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The media's failure on Elon Musk
After building him up, they need to tear him down
Almost any time Elon Musk fires off a random thought from his Twitter (sorry, X) account, you can be sure to find a number of media organizations publishing short write ups to get clicks from the swarms of people looking to see what the billionaire is up to next — or what bullshit he’s spouting this time. The publications may as well have ChatGPT set up to spit out a few paragraphs to keep the Musk content mill running.
It doesn’t matter that Musk is known to make false statements, and might not even remember he made the declaration within weeks or even days. Those clickbait articles are the inevitable outcome of a two-decade-long informal partnership between Musk and the media that is under increasing strain, but which neither can truly part with because they’ve become so dependent on one another.
Musk is often positioned as a genius who built a vast empire all on his own. But the reality is that “Elon Musk” is as much as person as he is a character co-created by the man and the media. The lines between the two have blurred as the man began to believe in the myth that was built around him, but that myth also helped him become one of foremost figures in the tech industry as it ascended during the internet era, gave him much easier access to investment, and ultimately ensured it was much harder for him to fail.
Building the myth of Musk
Musk knew cultivating celebrity would be essential to his success. In The Founders, Jimmy Soni quotes one of the people who was close to Musk in his early startup days, who describes how his room was filled with “biographies and stories about business luminaries and how they succeeded.” At the top of the pile was a book about billionaire showman Richard Branson.
As soon as he had his first payout after the sale of Zip2, a company where he had his power curtailed by the board, he was already beginning to build the image that was necessary to get the media to pay attention to him. In 1999, CNN covered a young Musk and his first wife Justine taking possession of a McLaren F1 supercar. At the time, Musk himself said it could be seen as “behavior characteristic of an imperialistic brat.” (He crashed it not long after showing off for Peter Thiel.)
Once he had a bigger payout from the sale of PayPal to eBay in 2002, he kept building that profile. He invested in Tesla and founded SpaceX, and was able to turn those investments into endless headlines and magazine covers about how he was personally saving the world from climate change and reviving the moribund space program. As the government retreated, Elon Musk stepped into the void and the media became enamored with him. The more coverage he got, the better it was for his businesses.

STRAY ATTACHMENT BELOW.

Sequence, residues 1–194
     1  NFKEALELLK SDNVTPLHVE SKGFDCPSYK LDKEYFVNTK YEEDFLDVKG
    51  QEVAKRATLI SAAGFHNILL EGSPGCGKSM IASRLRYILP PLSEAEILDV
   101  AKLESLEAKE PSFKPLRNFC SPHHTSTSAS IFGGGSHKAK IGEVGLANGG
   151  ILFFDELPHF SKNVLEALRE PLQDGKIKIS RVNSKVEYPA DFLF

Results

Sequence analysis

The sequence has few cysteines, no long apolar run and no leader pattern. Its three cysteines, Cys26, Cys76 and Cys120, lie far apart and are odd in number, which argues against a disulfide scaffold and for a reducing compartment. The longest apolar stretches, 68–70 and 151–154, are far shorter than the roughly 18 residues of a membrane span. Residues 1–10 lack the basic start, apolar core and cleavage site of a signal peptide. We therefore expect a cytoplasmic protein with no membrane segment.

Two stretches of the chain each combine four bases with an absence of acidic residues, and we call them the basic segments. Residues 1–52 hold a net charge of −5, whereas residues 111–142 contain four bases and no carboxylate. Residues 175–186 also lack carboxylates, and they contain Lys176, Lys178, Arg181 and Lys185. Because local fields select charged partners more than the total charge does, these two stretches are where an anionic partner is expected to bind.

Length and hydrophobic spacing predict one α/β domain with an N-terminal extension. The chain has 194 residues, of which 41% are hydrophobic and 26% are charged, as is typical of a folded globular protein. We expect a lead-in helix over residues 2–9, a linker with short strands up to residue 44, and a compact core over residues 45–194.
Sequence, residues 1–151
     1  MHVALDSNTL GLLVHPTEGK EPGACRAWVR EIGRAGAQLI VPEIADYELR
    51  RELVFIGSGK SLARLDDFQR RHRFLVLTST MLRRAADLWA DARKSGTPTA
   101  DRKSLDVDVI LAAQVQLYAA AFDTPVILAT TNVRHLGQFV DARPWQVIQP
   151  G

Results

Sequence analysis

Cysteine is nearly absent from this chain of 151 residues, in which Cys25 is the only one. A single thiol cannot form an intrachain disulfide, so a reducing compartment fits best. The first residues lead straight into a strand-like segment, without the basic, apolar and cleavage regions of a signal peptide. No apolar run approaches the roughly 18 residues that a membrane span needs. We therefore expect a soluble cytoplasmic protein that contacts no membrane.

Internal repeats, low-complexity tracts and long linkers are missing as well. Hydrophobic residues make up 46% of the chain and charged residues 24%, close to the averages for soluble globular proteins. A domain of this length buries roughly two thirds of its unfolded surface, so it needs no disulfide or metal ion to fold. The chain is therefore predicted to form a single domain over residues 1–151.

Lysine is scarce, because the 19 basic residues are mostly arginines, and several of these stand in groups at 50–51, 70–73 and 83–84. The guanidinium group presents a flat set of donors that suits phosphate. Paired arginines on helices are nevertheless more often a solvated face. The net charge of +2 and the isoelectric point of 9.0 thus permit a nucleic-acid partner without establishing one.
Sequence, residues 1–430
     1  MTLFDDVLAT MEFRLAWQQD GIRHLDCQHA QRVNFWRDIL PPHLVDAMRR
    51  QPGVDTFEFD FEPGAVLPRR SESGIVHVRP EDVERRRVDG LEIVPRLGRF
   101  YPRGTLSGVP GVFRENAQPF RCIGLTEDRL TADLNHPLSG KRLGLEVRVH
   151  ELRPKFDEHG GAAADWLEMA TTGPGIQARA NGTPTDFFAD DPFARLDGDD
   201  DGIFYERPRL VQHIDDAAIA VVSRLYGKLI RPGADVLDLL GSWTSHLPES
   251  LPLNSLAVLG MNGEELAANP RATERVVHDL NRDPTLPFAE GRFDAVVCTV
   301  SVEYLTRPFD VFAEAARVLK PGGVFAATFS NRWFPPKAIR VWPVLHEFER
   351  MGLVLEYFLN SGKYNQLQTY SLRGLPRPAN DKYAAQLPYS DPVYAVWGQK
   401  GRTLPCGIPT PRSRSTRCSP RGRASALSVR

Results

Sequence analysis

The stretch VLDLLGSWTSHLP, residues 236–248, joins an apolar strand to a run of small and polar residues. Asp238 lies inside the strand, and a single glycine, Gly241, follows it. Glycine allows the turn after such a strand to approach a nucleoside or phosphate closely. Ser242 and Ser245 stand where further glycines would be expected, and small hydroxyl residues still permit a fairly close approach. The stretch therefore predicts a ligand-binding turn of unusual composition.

Behind the scenes, his companies frequently ran into trouble, occasionally because of his own poor decision-making. In Ludicrous, Edward Niedermeyer describes how Musk was initially focused on electric cars at Tesla, but once the vehicles started taking longer to produce and ended up being more expensive than forecast, Musk needed more cash. It was in that moment that he started making big promises like battery swapping and autonomous driving that fueled the share price regardless of whether he followed through. He was never punished for those false statements, as long as he had a new big idea to throw to rabid investors and a credulous media.
That’s not to mention all the government support that SpaceX and Tesla received that helped them become what they are today. The US government essentially saved Tesla from death in 2009, while its battery-swapping deception ensured it got additional credits from California’s carbon credit scheme without delivering the environmental benefits. For years, Tesla’s profits came from the sale of those credits, not selling electric cars. It was similar for SpaceX, where the government made an explicit policy choice beginning under President George W. Bush to privatize the space program and later gave contracts to SpaceX to get it through its most difficult moments.
Ignoring serious problems
Through that whole period, the media wasn’t just along for the ride, but actively working to build up Musk’s profile. The more the public believed the myth that he was the next great innovator, the more they’d buy magazines about him and read articles about his companies. The media and prominent tech journalists were more than happy to ignore his flaws and the problems at his companies for access to the man they were framing as humanity’s savior.